Scholarships & awards
Information about available scholarships for each course should be provided by the institution you are applying to. Explore their graduate admissions and departmental web pages, and talk to your potential department. There are also a number of more general funding search engines – none are completely comprehensive, but all are worth a try:
Funding specific to Oxford University
The university pages on funding for graduate students cover the types of funding open to those wishing to pursue graduate study at the University of Oxford. Use the Fees, funding and scholarships search tool to see what financial support you might be eligible for. Oxford colleges also provide funding for their students in certain circumstances.
Sponsorship by employers or other external organisations
Knowledge Transfer Partnerships allow graduates to be employed while working towards a postgraduate qualification (typically a DPhil) based on real projects in small to medium-sized businesses (SMEs). CASE, CASE-plus and Industrial CASE awards allow industrial partners to top-up research council grants for research students in science and engineering disciplines. They are available from NERC, UKRI, MRC and STFC, though you should approach your department in the first instance.
This may be either within the university or outside it. These options may include research and graduate teaching assistantships, which are advertised in the educational press, in specialist journals, and on Jobs.ac.uk. Talk to your department about teaching opportunities. At Oxford and Cambridge you may get work giving tutorials to undergraduates through colleges. Oxford University’s Temporary Staffing Service may also be able to help.
Before organising part-time work as a means to fund your study, please read the university's guidelines on paid work for Oxford graduate students. If you will be an international student, note that your ability to work will be governed by the conditions of your visa: see this overview for details.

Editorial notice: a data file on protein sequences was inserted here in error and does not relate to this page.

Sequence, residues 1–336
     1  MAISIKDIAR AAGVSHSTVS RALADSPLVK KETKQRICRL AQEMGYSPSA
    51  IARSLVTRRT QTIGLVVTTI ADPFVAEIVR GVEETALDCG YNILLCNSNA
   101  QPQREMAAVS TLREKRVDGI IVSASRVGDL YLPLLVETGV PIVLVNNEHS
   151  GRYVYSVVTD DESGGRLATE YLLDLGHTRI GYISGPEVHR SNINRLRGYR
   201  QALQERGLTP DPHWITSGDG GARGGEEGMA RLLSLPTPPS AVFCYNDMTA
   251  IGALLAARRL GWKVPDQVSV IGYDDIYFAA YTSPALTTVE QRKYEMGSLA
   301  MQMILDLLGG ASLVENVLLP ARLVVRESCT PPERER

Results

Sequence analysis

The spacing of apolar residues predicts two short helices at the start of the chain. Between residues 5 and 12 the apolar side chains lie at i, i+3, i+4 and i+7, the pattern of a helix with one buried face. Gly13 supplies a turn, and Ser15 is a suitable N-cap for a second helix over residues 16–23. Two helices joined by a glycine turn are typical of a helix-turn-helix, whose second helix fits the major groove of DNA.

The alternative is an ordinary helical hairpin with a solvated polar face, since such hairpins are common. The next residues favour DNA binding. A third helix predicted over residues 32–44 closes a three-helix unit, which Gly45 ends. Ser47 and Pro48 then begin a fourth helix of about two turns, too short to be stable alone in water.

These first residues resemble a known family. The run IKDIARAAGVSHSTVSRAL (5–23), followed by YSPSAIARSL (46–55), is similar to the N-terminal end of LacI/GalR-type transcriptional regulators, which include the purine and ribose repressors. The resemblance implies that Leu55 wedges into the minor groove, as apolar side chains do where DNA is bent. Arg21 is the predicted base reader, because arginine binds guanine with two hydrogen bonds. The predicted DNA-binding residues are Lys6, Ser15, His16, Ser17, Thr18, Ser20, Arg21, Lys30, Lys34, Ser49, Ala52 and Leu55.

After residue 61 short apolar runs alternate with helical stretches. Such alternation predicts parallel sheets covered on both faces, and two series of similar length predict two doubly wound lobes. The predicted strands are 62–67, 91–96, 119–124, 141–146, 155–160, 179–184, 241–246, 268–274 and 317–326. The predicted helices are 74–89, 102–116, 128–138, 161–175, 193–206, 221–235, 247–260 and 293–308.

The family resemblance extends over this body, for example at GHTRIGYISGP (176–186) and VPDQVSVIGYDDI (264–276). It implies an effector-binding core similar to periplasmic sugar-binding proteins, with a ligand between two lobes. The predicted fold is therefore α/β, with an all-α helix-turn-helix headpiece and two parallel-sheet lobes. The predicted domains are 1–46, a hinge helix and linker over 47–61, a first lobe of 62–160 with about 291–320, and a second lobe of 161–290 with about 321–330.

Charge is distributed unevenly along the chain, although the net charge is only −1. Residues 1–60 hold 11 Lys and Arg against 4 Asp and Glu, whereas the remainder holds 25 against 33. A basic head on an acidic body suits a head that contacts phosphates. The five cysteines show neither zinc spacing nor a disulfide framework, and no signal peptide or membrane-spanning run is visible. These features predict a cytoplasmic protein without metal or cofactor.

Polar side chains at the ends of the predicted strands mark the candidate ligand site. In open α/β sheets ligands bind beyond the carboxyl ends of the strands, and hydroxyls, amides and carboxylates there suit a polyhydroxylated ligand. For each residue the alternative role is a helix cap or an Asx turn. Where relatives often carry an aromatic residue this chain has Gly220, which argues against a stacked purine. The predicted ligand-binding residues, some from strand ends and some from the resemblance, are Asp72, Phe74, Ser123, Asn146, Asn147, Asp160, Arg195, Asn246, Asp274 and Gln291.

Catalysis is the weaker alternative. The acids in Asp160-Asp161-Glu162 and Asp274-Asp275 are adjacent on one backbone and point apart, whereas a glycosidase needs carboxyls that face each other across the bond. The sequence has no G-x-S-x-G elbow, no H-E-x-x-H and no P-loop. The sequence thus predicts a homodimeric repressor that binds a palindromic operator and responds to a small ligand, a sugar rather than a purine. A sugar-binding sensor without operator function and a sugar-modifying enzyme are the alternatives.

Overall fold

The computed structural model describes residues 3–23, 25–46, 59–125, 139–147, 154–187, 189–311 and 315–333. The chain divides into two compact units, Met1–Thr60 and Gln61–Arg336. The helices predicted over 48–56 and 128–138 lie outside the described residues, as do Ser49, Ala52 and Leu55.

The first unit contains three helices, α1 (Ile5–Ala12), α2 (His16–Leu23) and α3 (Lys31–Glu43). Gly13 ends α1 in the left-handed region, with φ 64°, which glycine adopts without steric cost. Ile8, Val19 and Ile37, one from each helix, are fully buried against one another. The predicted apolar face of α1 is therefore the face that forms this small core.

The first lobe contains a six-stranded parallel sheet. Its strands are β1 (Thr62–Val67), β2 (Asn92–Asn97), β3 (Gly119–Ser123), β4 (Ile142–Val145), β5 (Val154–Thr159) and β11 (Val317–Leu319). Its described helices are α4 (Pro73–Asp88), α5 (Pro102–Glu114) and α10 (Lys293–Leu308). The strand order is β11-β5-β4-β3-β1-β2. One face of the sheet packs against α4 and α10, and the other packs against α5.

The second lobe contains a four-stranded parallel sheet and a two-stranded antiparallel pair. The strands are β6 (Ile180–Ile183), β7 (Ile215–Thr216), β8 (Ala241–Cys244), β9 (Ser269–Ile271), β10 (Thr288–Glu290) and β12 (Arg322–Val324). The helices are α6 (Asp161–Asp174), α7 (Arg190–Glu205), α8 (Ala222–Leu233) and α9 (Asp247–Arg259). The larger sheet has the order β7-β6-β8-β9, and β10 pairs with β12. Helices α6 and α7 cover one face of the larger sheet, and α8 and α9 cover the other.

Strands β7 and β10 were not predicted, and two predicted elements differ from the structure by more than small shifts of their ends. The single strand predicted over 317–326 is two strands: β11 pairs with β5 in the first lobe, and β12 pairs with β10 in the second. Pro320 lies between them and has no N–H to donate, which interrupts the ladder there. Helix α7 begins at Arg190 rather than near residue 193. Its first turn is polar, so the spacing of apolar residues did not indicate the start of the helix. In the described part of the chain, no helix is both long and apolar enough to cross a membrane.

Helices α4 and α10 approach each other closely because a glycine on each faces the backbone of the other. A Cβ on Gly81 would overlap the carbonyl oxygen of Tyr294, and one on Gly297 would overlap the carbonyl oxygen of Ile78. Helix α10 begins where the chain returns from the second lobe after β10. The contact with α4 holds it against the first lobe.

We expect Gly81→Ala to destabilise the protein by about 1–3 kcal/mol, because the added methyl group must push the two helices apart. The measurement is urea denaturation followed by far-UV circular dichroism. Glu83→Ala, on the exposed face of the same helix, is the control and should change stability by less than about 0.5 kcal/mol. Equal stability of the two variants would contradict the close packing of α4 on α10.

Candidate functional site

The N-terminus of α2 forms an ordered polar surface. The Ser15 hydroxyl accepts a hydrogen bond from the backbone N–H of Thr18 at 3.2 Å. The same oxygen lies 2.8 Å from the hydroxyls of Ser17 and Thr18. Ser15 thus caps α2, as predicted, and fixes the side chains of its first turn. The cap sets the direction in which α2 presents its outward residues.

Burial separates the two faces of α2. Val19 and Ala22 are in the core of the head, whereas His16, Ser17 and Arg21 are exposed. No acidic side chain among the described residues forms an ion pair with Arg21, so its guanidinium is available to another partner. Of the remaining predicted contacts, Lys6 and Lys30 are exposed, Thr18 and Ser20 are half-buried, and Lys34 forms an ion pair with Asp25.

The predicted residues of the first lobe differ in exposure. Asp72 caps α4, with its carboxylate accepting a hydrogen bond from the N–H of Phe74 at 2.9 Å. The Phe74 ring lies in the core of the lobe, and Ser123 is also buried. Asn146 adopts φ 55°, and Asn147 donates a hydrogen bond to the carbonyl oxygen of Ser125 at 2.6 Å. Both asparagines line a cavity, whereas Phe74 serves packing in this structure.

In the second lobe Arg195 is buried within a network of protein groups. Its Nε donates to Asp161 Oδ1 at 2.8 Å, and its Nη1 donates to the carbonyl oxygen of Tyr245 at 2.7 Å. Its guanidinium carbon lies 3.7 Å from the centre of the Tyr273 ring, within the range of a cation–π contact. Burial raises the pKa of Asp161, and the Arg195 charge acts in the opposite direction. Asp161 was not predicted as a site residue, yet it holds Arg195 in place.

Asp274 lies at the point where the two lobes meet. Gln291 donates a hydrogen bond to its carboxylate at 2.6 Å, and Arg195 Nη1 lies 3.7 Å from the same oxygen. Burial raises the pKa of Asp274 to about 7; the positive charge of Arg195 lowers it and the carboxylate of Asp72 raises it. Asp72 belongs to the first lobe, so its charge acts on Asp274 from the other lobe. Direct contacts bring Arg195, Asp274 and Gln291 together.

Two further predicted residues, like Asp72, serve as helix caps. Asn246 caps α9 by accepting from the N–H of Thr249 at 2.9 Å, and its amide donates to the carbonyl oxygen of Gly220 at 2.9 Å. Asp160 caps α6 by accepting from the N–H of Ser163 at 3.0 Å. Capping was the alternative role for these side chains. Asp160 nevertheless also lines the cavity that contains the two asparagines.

Charitable Trusts are organisations that administer sums of money set aside by individuals or corporations to help specific kinds of people. They may be able to help with costs such as maintenance, fees, books, equipment, travel, childcare, field trips; however, resources are limited, and help, if any, is generally small scale. The charity's aims are likely to be very specific, e.g. they may help according to age, sex, nationality, religion, subject area and so on. There is no point applying unless you are sure that you fit their requirements.
There is no single source of information on charitable funding, so you will need to look a range of resources. Use the scholarship search engines listed above, and the books (available at the Careers Service) The Directory of Grant Making Trusts and The Grants Register.
Funding for international students
International students will find that they are ineligible for some of the sources of UK funding. However, many institutions offer scholarships specifically aimed at international students, see above. You may also find the UK Council for International Student Affairs (UKCISA), the International Education Financial Aid, and The British Council helpful.
Ongoing impact of Brexit
The FindaMasters Brexit blog provides clear and up-to-date information on the impact of Brexit on postgraduate study.